Business & Investment

Beware of fake royal mail messages that can cost thousands

Emmeline Hartley is smart and tech savvy. But last week, the 28-year-old actress unknowingly became the face of a British fraud epidemic.

On March 21, she tweeted how she was “scammed from all pennies” with sophisticated scams, including fake Royal Mail texts and “spoofing” calls from Barclays.

Since then, her message has been shared 14,500 times, and Emmeline says she has received hundreds of messages from people who have been fooled by the same scam and struggling to get a refund from the bank.

Scam text: A message claiming to be from Royal Mail, which is believed to have been sent to millions of phones across the country

It is believed that the text has been sent to millions of phones across the UK in the last few weeks. This is probably the worst case ever, with fraud victims losing a record £ 479 million.

On Monday, Graeme Biggar, the National Crime Agency’s top fraud investigator, said fraudsters “feel too easy” to attack the masses with millions of fake texts, emails and phone calls. Said.

Today, Money Mail’s research reveals that cybercriminals are using cheap Chinese technology to evade detection by breaking down the flimsy barriers set by banks, carriers and regulators. became…

Deceived from £ 1,000

Emmeline first received a text from Royal Mail asking him to pay a £ 2.99 “shipping”.

It was the day before her birthday and she was expecting delivery, so she clicked on the text link. This led her to a fake Royal Mail website where she entered the details and made the payment.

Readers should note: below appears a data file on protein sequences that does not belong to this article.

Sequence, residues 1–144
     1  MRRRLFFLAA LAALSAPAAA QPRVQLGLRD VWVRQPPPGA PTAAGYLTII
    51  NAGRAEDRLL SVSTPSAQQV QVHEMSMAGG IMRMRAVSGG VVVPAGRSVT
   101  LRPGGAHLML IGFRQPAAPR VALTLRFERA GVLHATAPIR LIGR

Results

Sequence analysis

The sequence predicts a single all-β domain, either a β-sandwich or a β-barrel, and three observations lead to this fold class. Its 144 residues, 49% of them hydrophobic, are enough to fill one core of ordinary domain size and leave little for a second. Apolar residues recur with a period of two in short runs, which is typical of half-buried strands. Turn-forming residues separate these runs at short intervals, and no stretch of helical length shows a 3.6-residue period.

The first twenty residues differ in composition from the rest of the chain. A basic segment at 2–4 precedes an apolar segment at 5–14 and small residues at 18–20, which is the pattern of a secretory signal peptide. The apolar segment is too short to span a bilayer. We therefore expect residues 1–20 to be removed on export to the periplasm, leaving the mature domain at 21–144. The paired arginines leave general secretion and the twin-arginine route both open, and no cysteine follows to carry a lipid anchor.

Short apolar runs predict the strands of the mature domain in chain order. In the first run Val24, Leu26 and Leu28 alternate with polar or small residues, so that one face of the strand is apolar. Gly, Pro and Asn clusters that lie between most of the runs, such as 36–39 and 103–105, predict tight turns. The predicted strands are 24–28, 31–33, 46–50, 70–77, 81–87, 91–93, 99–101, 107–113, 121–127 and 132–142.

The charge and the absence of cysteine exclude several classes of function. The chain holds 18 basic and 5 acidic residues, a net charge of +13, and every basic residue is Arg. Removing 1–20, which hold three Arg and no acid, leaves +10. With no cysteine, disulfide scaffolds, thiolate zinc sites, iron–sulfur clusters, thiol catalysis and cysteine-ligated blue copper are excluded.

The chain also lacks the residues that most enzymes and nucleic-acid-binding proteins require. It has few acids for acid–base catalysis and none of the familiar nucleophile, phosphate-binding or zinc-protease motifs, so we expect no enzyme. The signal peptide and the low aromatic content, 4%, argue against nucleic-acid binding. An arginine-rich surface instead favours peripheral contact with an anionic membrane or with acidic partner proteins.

Two days later, she seems to have received a call from her Barclays number. The caller, who spoke with a London accent, claimed to have come from a bank fraud unit.

He said he knew her account details and gave the scammers bank details on a fake Royal Mail website.

He told her to transfer all the cash she had (about £ 1,000) to a “safe account”.

Deceived: Actress Emmeline Hartley lost £ 1,000 in a Royal Mail text scam

Deceived: Actress Emmeline Hartley lost £ 1,000 in a Royal Mail text scam

Emerin, who lives in Birmingham, only realized that it was a scam when the scammer tried to transfer the overdraft, but it was too late.

“I broke down on the phone, I was crying and calling him a liar,” she says.

Since then, she has been refunded by Barclays. However, other victims are still struggling to get their money back.

According to experts, scammers are preying on the turmoil faced by online shoppers after Brexit, and many are required to pay additional customs fees and VAT.

It is unknown how many people fouled this particular scam.

There last year “Spoofing fraud” increased by 94%, Criminals pretend to be credible organizations, says UK Finance.

How to use

Steve Smith, director of the blocking service trueCall, states that scammers are likely to be sending text in bulk using a “SimFarm” machine.

Money Mail has found something that can be purchased from the Chinese website AliExpress for just £ 57.35. It can send out 4,800 texts per hour.

I also found a Chinese “SimFarm” (which also has legitimate uses) that can be purchased on eBay for £ 230.

The device can connect up to 16 pay-as-you-go Sim cards. This is different from mobile contracts, where the buyer does not have to show proof of identity.

This means that even if an investigator can track a sim or phone number, he doesn’t know who is behind it. Targets can be randomly generated or generated from data breaches.

“Number spoofing” is a common fraudulent tactic that pretends that a message or phone is from the same number as a bank or other trusted company.